New shoe collection honors life of Dan Eldon

0
144
A photo of Dan Eldon on display at Space 15 Twenty in Los Angeles. Eldon died at the age of 22 working as a photojournalist in Somalia. TOMS Shoes dedicated its spring line to his memory and work.

TOMS Shoes, which donates a pair of shoes to a child in need for each pair purchased, launches its spring collection, inspired by the young photojournalist whose war photographs brought to light the plight of war-torn Somalia.

By Homaira Shifa / Special to The Malibu Times

Hundreds of people gathered Friday at a Los Angeles gallery to honor the life of Dan Eldon, the son of local Malibu resident Kathy Eldon, a photojournalist who died while covering the famine in Somalia.

TOMS Shoes hosted the Creative Visions Foundation event at Space 15 Twenty gallery to celebrate the launch of its Spring 2011 Collection, inspired by Dan Eldon.

Eldon was a young photojournalist covering the famine in Somalia in the early ’90s. He raised worldwide awareness of the catastrophe through his photographs. His images were picked up by Reuters News Agency and helped launch a campaign to bring aid to the country. In 1993, at the age of 22, Eldon was killed along with three colleagues by a mob while photographing the aftermath of a tragic bombing.

After his death, Eldon’s war photography was exhibited in a showing called “Journey.” It toured six countries and more than four heads of state, including the President of Kenya, former President of Ireland and the United Nations’ High Commissioner for Human Rights, Mary Robinson, attended its openings. Journalist Dan Rather opened the exhibition at Columbia University, and Tom Brokaw spoke during its opening at Duke University.

TOMS Shoes designed a pop-up gallery exhibiting Eldon’s original artwork and artifacts to commemorate the spring collection.

“Dan’s work really displayed showing people you can make a difference,” said Allison Dominguez, public relations manager for TOMS Shoes.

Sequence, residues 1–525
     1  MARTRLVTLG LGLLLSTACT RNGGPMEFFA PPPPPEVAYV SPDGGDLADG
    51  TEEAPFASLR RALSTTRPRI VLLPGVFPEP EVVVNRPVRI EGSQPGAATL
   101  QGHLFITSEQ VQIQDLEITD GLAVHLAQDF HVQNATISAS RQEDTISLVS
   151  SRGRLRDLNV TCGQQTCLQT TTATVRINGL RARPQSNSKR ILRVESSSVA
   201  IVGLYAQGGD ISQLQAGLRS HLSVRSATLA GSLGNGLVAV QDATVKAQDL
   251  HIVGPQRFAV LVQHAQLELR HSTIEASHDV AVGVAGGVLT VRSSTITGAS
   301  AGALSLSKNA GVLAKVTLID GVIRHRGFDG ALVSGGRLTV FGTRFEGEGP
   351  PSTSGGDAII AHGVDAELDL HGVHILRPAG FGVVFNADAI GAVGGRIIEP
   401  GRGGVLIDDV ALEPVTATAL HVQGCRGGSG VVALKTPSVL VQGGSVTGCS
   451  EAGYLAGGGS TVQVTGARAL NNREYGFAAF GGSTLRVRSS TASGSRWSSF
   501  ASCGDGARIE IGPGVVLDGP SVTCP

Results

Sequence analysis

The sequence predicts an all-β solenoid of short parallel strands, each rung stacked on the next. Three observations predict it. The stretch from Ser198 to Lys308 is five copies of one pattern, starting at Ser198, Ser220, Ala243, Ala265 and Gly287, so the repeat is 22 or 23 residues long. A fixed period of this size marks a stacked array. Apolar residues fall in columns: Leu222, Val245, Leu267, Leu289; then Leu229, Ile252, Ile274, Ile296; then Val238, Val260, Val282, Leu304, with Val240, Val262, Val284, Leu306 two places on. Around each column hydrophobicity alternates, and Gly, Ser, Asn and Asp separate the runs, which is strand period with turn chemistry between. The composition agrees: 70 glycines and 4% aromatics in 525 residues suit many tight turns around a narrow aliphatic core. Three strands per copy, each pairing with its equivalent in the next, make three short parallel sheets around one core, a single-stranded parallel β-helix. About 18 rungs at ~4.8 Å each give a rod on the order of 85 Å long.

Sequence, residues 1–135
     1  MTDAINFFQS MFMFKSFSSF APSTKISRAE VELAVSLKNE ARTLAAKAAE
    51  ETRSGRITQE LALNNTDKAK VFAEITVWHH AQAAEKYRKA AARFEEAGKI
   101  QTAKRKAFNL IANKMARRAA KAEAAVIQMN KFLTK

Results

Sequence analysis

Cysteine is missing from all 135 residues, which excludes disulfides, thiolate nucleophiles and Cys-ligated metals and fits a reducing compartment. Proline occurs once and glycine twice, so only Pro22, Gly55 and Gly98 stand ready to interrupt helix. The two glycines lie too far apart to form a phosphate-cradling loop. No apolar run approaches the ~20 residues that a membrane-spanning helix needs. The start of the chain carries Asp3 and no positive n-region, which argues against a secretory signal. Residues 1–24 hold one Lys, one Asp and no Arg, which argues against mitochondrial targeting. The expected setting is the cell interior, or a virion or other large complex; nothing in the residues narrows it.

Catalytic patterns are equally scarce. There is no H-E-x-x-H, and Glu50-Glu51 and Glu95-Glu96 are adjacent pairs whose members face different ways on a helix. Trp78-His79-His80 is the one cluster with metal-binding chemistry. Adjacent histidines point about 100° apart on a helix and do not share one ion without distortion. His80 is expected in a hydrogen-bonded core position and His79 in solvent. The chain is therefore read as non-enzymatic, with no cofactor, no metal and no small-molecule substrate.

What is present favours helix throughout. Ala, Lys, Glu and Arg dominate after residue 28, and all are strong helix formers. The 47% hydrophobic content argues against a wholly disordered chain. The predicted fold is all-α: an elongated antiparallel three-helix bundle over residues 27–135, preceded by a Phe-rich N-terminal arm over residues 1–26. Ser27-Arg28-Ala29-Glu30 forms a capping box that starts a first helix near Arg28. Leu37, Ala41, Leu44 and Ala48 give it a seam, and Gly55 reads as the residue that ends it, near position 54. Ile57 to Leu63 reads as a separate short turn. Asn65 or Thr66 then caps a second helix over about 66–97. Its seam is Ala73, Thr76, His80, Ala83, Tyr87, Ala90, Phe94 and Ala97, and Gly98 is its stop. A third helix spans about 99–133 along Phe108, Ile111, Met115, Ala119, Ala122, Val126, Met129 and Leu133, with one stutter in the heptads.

The specially designed shoes for the spring collection feature different aspects of Eldon’s work and life. One pair had his thumbprint from his passport, another displayed his artwork and another was imprinted with the words he lived by: “The Journey is the Destination,” which is the title of the book Kathy Eldon made from her son’s photographs, collages, drawings, weathered maps, stamps, comic book heroes and newspaper clippings from his journal reflecting his upbringing in Kenya and young adult life in New York and Somalia.

In 2002, Blake Mycoskie, founder of TOMS, was in a bookstore in New York and came across the book.

“I was really inspired by his photographs,” Mycoskie said. “I loved the rawness and style of his work.”

After reading the book, Mycoskie decided to dedicate his spring collection to Eldon’s life.

“I realized that more people needed to know Dan’s story,” he said.

“We are very flattered that he’s inspired by Dan,” Amy Eldon Turteltaub, Dan’s sister, said. “I miss Dan, but it’s incredible that he is continuing to light all the sparks.”

Amy and her husband, producer Jon Turteltaub, recently had a baby boy whom they named after her brother.

“If Dan were here,” Amy said. “He would say, ‘Enjoy the journey.’”

In an effort to transform the horror of Dan’s death into a positive force for good, Kathy and Amy started Creative Visions Foundations, a company dedicated to using the power of the media and the arts for social good. The foundation offers fiscal sponsorship, mentorship and outreach programs to artists, filmmakers, photographers and other creative activists to develop and promote social change.

At the beginning of this year, the foundation moved into The Dan Eldon Center for Creative Activism in Malibu. The space encompasses 2,200 square feet of office and conference facilities, a 1,000 square foot deck with views of the Pacific Ocean, a mini-gallery and a 200-car parking lot.

As Kathy spoke to the crowd and thanked everyone for coming to the Friday event, a big screen projected Mycoskie’s “shoe drops” around the world.

TOMS Shoes One for One campaign gives a pair of new shoes to a child in need for every pair of shoes purchased. The company works with various nonprofits including, World Vision, Guatemala Sana and Hogar De Niños to deliver the shoes.

“It is such an intimate experience to put a shoe on a child’s foot,” Mycoskie said.

Mycoskie created TOMS Shoes after visiting Argentina and seeing how many children were without shoes.

“We started small with shoes given away to 250 children,” Mycoskie said. “Over a million shoes are given away now.”

The spring collection inspired by Dan Eldon includes shoes for men and women, ranging from $44 to $69.

“We hope to encourage people of all ages to become an activist,” Mycoskie said.

More information about Creative Visions Foundation can be obtained online at www.creativevisions.org